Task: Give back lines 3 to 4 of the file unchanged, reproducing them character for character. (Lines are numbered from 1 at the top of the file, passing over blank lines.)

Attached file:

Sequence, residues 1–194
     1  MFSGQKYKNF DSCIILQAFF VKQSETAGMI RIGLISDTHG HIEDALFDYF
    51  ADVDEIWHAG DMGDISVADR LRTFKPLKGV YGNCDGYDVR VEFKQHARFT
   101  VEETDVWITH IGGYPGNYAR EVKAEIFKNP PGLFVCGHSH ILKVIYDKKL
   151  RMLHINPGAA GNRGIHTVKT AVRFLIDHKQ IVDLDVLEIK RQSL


    51  ADVDEIWHAG DMGDISVADR LRTFKPLKGV YGNCDGYDVR VEFKQHARFT
   101  VEETDVWITH IGGYPGNYAR EVKAEIFKNP PGLFVCGHSH ILKVIYDKKL